Monochrome conversions, why and how

All my life i’ve taken photographs in colour. It’s only once i started getting serious with it as a hobby did i begin gravitating to the possibilities offered by monochrome photography. There is a charm about monochrome photography, an effect that removes the influence of colour and focuses the attention on the composition and subject in the photograph. Obviously, this means that with all the attention on the composition and subject, any errors or imperfections become all the more glaring. That’s the double edged sword monochrome photographs have to endure — an average photograph can easily become a bad one sans colour to hide its flaws, a good photograph can now become great with the focus of the audience focused on the critical elements that make it good.

Why monochrome rather than black and white? Because hues of colour such as palladium and copper may also be used, leading to a particular effect desired.

I use Lightroom for my post-processing, and when i’m converting to monochrome, i use Nik’s Silver Efex Pro v2.0. Both are excellent pieces of software, and are more than adequate for the purpose. Without describing in too much details how it’s done (because it’s easy — a few clicks of the button, and moving sliders to taste), let me focus on my favourite conversion paths and why i like each one.

Here is a recent shot, that’ll act as the colour baseline.


In colour, this photo tells the tale of an old man, in his 70s, which a slight cheer in his half smile and twinkle in the eye. There is a feeling of positivism, reinforced somewhat by the healthy earthen skin tone and fashion of his clothes.


My default preferred monochrome conversion is a customized Silver Efex Pro preset of AGFAPhoto APX 100 film. The light tones are culled by roughly 12% and the contrast is increased by 8-10% depending on the shot. I renamed the custom preset as AGFA APX Silver 100. After applying the preset, individual control points are used to bring out the shadows, improve clarity and structure in specific key spots; this is done on a photo-by-photo basis, each shot will require a slight different treatment.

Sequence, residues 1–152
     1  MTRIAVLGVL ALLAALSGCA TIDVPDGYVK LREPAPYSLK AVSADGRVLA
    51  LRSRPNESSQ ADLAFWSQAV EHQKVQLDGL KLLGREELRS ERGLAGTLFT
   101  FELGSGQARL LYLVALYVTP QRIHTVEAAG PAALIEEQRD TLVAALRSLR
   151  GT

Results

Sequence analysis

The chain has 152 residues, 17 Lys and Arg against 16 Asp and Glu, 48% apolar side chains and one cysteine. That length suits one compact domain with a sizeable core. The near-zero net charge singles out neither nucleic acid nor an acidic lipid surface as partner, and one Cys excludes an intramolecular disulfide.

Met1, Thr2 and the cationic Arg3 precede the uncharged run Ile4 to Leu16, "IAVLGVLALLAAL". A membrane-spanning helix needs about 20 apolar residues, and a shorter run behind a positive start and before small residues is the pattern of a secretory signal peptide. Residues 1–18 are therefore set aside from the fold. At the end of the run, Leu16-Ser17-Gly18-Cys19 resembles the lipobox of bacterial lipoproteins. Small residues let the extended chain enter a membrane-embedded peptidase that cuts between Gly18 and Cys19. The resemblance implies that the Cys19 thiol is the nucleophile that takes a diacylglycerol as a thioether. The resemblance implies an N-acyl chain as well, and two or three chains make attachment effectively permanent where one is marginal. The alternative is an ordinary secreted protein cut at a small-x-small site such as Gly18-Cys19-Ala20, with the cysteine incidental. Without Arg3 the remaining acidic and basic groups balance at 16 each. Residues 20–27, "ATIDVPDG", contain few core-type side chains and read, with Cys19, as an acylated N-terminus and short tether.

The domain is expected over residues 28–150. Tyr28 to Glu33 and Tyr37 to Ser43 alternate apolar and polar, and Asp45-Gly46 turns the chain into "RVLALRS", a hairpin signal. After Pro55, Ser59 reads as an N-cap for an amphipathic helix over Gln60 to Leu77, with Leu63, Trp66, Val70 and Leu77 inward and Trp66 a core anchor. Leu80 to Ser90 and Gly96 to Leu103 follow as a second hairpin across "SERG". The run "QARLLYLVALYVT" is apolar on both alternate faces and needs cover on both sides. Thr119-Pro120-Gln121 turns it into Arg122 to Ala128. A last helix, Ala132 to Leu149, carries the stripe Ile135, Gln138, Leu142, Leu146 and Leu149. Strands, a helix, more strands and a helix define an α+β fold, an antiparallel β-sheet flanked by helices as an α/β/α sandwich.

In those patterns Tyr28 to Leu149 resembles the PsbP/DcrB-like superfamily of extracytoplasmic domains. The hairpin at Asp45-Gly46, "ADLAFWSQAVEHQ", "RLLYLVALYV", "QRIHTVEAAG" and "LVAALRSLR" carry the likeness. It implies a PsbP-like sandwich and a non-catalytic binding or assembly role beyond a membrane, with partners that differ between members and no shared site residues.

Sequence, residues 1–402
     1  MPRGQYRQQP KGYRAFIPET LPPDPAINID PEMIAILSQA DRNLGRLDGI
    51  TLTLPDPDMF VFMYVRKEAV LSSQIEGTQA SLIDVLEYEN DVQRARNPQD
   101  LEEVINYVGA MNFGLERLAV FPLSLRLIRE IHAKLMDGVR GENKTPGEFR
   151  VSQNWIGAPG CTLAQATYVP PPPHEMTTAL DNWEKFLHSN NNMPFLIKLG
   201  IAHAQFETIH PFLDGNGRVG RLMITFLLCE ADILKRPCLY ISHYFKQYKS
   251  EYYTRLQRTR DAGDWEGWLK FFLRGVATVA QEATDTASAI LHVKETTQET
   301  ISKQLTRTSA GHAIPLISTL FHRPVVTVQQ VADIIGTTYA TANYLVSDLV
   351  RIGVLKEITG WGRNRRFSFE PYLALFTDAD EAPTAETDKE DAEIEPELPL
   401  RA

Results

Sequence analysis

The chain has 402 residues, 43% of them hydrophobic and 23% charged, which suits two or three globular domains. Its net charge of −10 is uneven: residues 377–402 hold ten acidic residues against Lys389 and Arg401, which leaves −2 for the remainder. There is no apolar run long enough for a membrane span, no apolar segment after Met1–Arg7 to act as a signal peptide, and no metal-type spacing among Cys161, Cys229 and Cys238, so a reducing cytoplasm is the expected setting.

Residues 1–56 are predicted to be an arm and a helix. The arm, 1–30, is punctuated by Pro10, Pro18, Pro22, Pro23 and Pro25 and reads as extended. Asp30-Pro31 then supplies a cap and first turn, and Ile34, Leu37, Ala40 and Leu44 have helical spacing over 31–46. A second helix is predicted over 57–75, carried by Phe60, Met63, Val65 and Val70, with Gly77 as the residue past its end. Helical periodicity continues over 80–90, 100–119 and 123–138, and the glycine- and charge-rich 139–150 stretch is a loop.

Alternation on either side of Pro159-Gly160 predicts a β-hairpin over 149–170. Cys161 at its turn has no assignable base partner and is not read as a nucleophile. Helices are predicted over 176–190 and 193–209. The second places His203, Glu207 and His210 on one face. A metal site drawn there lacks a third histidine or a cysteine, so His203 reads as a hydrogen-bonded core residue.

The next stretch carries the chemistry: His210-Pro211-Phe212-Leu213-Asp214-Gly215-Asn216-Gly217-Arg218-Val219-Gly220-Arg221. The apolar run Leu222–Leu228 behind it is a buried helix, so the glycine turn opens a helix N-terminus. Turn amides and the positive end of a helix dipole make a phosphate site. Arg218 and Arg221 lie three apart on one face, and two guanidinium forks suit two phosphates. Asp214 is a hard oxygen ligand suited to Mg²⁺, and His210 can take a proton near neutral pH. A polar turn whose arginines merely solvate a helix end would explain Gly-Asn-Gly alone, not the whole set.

This conversion tends to create a hyperfocus on the subject, in this case the face, the creases and lines. Less attention is afforded to the eyes in particular, and the half smile is less obvious. 


This preset is a customized effect — high structure, high contrast, grain and vignetting. I generally use it for street photography when the tale i want to tell is one of gritty realism, of dark mysticism and allusions of imperfection. Perhaps less suitable for portraits in this context, i include it here to illustrate its possible use in completely shifting the focus off the subject an onto the emotion the subject proposes instead. 

If you’re a Lightroom and Silver Efex user, drop me an email, and i’ll be happy to share my basic presets. They won’t necessarily give you an exact solution for every monochrome conversion you’ll ever do, but it’ll certainly work as a base from which you can work on and further customize to personal taste.